Physician's authorization is required to purchase this item.
CARNITOR® (levocarnitine) is a carrier molecule in the transport of long-chain fatty acids across the inner mitochondrial membrane.
The chemical name of levocarnitine is 3-carboxy-2(R)-hydroxy-N,N,N-trimethyl-1-propanaminium, inner salt. Levocarnitine is a white crystalline, hygroscopic powder. It is readily soluble in water, hot alcohol, and insoluble in acetone. The specific rotation of levocarnitine is between -29° and -32°.
CARNITOR® (levocarnitine) is a naturally occurring substance required in mammalian energy metabolism. It has been shown to facilitate long-chain fatty acid entry into cellular mitochondria, thereby delivering substrate for oxidation and subsequent energy production. Fatty acids are utilized as an energy substrate in all tissues except the brain. In skeletal and cardiac muscle, fatty acids are the main substrate for energy production.
Primary systemic carnitine deficiency is characterized by low concentrations of levocarnitine in plasma, RBC, and/or tissues. It has not been possible to determine which symptoms are due to carnitine deficiency and which are due to an underlying organic acidemia, as symptoms of both abnormalities may be expected to improve with CARNITOR®. The literature reports that carnitine can promote the excretion of excess organic or fatty acids in patients with defects in fatty acid metabolism and/or specific organic acidopathies that bioaccumulate acylCoA esters.1-6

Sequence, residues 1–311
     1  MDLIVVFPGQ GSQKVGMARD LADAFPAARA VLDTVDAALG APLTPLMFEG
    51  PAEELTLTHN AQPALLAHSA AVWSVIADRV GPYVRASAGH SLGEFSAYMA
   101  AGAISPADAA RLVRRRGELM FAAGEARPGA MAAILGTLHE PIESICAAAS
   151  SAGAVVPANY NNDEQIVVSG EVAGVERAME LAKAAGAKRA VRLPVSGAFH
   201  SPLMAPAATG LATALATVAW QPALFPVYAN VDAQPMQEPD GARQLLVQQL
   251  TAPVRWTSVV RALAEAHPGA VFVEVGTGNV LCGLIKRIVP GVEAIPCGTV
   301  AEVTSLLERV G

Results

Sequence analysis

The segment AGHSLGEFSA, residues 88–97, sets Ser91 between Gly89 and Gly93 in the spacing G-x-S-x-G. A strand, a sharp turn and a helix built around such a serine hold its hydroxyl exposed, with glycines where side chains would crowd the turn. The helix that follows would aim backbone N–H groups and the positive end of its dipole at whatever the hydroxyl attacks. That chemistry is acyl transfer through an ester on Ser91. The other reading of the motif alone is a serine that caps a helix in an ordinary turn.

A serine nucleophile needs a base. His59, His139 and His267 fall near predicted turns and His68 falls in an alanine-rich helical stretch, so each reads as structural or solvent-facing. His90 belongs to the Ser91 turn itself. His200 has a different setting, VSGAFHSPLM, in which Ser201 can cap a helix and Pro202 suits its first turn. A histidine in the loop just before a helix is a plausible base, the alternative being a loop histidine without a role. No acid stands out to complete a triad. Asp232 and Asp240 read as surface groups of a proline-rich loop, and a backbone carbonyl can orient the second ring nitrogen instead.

Secondary carnitine deficiency can be a consequence of inborn errors of metabolism or iatrogenic factors such as hemodialysis. CARNITOR® may alleviate the metabolic abnormalities of patients with inborn errors that result in accumulation of toxic organic acids. Conditions for which this effect has been demonstrated are: glutaric aciduria II, methyl malonic aciduria, propionic acidemia, and medium chain fatty acylCoA dehydrogenase deficiency.7,8 Autointoxication occurs in these patients due to the accumulation of acylCoA compounds that disrupt intermediary metabolism. The subsequent hydrolysis of the acylCoA compound to its free acid results in acidosis which can be life-threatening. Levocarnitine clears the acylCoA compound by formation of acylcarnitine, which is quickly excreted. Carnitine deficiency is defined biochemically as abnormally low plasma concentrations of free carnitine, less than 20 µmol/L at one week post term and may be associated with low tissue and/or urine concentrations. Further, this condition may be associated with a plasma concentration ratio of acylcarnitine/levocarnitine greater than 0.4 or abnormally elevated concentrations of acylcarnitine in the urine. In premature infants and newborns, secondary deficiency is defined as plasma levocarnitine concentrations below age-related normal concentrations.
End Stage Renal Disease (ESRD) patients on maintenance hemodialysis may have low plasma carnitine concentrations and an increased ratio of acylcarnitine/carnitine because of reduced intake of meat and dairy products, reduced renal synthesis and dialytic losses. Certain clinical conditions common in hemodialysis patients such as malaise, muscle weakness, cardiomyopathy and cardiac arrhythmias may be related to abnormal carnitine metabolism.
Pharmacokinetic and clinical studies with CARNITOR® have shown that administration of levocarnitine to ESRD patients on hemodialysis results in increased plasma levocarnitine concentrations.